The Supreme Court held that a live-in relationship comes within the ambit of the right to life enshrined under Article 21 of the Constitution of India.
‘A’ married to ‘B’, both Hindus, governed by Hindu Marriage Act, 1956 (HMA). Since their marriage could barely survive, and within few months of marriage, their relations got estranged, consequently ‘A’ filed a divorce-petition seeking dissolution of marriage.
Recommended ArticlesView All
View | Pakistan Election: Will Imran Khan's changed tack from long march to resignations to snap poll work?
IST5 Min(s) Read
View | G20 Presidency: India can shape global Web3 narrative
IST6 Min(s) Read
While divorce proceedings are pending, ‘A’ came into contact with ‘C’, and both being Hindus, are now staying together in live-in relationship.
‘A’ & ‘C’, have certain questions, viz. Can ‘A’ and ‘C’ stay together in live in? Can ‘B’ bring any proceedings against ‘A’ and ‘C’? Can ‘A’ marry ‘C’ during the pendency of marriage with ‘B’?
Section 5 HMA stipulates conditions for a Hindu marriage, providing neither party has a spouse living at the time of marriage. Section 11 HMA provides marriages to be void, upon being challenged by either party to be declared a nullity, if it is in contravention to Section 5 HMA. Burden to proof, lies on the party making allegations, requiring it to be proved by reasoned and cogent evidences and not mere on hearsay.
A party who complains of second marriage, during the subsistence of first marriage, having sufficient proof of second marriage, can bring a complaint against the breaching party under Section 17 HMA, which provides for punishment for bigamy, under sections 494 and 495 IPC.
Marrying again during life-time of husband or wife, is punishable with imprisonment of either description for a term which may extend to seven years, and fine under 494 IPC. Section 495 IPC, gives right to file a complaint against the party having committed the crime by concealing the fact of the former marriage, punishable with imprisonment of either description for a term which may extend to ten years, and fine.
A compliant constituting an offence under sections 494/495 IPC, can be filed Section 198 ‘CrPC’ by the person aggrieved. Initially under Section 198 (2) CrPC, it provided that no person other than the husband of the woman shall be deemed to be aggrieved by any offence punishable under Section 497 or Section 498 of the said Code. Section 497 IPC defined adultery, being an offence, punishable under section 498 IPC. However, in 2017, the Constitution Bench of the Apex Court struck down Section 497 IPC declaring adultery no longer an offence in the case of “Joseph Shine Vs. Union of India”.
After Section 497 IPC was struck down, a question came up for consideration, as to whether a married person can stay with other partner in live in while the first marriage is surviving.
The Apex Court, in the case of ‘Lata Singh v. State of U.P.’ while dealing with the concept of live-in, held that a live-in relationship between two consenting adults of heterosexual sex does not amount to any offence even though it may be perceived as immoral. However, at relevant time 497 IPC was in force, so it was only applicable to unmarried couples.
In “S. Khushboo v. Kanniammal," Apex Court gave legal recognition to live-in relationships by categorizing them as “domestic relationships” protected under the Protection of Women from Domestic Violence Act, 2005. The Court held that a live-in relationship comes within the ambit of the right to life enshrined under Article 21 of the Constitution of India. The Court further held that live-in relationships are permissible and that the act of two adults living together, in any case, cannot be considered illegal or unlawful. However, they have become a developing area of controversy with respect to the types of live-in relationships that are recognized.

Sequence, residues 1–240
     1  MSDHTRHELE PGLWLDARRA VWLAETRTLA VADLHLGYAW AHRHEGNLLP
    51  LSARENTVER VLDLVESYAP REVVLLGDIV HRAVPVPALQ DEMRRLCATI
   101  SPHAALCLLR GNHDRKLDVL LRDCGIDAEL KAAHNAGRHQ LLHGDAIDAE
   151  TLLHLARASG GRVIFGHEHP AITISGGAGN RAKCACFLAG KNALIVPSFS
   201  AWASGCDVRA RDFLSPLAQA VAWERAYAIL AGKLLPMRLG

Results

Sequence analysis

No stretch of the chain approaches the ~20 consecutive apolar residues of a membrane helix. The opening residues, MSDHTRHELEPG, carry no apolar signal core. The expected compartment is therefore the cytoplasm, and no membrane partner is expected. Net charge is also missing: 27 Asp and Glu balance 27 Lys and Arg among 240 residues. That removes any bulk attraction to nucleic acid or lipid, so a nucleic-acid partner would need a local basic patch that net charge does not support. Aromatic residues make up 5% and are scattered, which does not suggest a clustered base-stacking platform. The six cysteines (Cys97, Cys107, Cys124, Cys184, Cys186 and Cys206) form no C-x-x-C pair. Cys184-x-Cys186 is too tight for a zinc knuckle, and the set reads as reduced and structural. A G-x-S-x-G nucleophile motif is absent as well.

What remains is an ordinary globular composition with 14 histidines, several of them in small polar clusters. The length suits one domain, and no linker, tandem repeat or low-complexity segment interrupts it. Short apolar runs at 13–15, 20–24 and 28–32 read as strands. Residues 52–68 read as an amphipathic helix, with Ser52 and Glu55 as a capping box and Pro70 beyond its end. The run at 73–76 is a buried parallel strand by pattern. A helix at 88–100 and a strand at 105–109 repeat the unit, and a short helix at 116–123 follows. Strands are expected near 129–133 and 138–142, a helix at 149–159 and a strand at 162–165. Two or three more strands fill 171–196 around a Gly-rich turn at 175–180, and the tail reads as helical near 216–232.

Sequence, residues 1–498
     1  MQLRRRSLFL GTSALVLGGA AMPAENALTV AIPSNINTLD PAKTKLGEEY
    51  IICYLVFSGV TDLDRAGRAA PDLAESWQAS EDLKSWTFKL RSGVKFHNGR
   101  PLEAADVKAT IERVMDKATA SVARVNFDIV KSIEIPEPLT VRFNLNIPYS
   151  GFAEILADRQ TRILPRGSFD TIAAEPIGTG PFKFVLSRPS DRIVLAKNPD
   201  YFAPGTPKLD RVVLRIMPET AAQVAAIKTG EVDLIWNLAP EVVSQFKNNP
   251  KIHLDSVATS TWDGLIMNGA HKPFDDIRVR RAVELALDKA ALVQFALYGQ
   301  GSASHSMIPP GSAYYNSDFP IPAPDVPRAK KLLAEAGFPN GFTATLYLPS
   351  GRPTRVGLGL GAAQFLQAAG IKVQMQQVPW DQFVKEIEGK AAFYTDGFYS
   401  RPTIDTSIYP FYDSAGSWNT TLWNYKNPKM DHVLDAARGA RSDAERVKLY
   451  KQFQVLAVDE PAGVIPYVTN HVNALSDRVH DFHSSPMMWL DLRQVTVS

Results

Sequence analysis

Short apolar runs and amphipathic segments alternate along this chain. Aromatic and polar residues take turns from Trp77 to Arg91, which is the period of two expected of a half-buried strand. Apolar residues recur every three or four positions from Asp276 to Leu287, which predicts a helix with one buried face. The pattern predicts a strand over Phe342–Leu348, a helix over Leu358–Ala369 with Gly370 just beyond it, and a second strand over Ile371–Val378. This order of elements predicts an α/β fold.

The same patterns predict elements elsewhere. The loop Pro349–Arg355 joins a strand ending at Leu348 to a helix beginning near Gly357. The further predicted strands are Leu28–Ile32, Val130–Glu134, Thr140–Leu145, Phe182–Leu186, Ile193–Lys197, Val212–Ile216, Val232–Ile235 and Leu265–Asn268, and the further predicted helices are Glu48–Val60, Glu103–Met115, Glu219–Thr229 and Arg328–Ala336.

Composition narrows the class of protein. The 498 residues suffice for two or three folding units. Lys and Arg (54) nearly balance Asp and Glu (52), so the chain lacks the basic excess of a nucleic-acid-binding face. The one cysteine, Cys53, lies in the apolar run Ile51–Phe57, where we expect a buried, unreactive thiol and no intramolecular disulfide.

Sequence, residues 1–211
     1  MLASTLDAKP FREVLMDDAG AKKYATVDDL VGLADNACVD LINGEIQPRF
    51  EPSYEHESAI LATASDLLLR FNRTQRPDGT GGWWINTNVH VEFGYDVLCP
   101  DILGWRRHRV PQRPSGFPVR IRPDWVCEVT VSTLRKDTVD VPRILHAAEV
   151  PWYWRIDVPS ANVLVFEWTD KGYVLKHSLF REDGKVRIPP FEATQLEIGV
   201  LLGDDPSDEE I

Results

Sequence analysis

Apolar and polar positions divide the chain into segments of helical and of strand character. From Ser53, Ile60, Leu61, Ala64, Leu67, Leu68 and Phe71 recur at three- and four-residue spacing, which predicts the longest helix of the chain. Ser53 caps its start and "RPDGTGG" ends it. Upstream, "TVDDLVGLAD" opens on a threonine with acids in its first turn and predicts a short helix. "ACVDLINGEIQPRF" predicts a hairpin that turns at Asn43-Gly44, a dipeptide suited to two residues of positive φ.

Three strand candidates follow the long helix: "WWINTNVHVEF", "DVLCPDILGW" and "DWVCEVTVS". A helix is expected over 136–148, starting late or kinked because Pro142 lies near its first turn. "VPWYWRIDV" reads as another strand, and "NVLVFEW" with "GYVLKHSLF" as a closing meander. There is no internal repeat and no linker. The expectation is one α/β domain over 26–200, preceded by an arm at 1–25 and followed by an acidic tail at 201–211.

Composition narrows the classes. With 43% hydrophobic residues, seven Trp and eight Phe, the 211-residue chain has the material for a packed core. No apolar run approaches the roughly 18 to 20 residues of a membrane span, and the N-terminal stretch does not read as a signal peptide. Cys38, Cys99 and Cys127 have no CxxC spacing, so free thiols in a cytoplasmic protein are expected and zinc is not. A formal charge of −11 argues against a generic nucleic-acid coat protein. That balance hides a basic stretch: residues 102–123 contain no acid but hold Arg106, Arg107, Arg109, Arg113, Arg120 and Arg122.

In Indra Sarma v. V.K.V. Sarma, it categorised live-in relationships into two domestic cohabitation between two unmarried individuals and domestic cohabitation between a married and unmarried individual or two married individuals.
There were conflicting views by the High Courts of Bombay, Allahabad and Rajasthan, which repeatedly refused to grant protection to such live-in couples, citing reasons that a live-in relationship between a married and an unmarried person is illegal. Initially the Punjab and Haryana High Court went a step further and referred to these relationships as unacceptable, claiming that they destroy the country’s ‘social fabric’.
However, the Delhi High Court, taking a contrarian stand, adopted a wider approach, upholding the rights of a female live-in partner, irrespective of the marital status of both individuals.
In a recent decision, the Punjab and Haryana High Court, disagreeing with the decision of Allahabad High Court that held the live-in relation between married persons without having been divorced u/s 494 IPC as offence (Aneeta v. State of U.P.), held that prima facie, no offence would be committed by the parties, they being adults in a live-in-relationship with each other, whether or not any divorce petition was pending before the court. The view so taken was by placing reliance upon the judgement of Supreme Court in Joseph Shine (Supra).
Answering the questions: ‘A’ and ‘C’ can stay together in live-in relation. ‘B’ can initiate proceedings against ‘A’, alleging that ‘A’ has married ‘C’, and has committed offence of bigamy, however, ‘B’ will have to prove that marriage between ‘A’ and ‘C’ has been solemnized. The marriage between ‘A’ and ‘C’ will be void ab initio being in violation of Section 5 of the Act.
The Author, Advocate Manish Kumar is a practising lawyer at Supreme Court and High Court. He runs his own law firm.
The views expressed in the article are his own
(Edited by : Aditi Gautam)
First Published: IST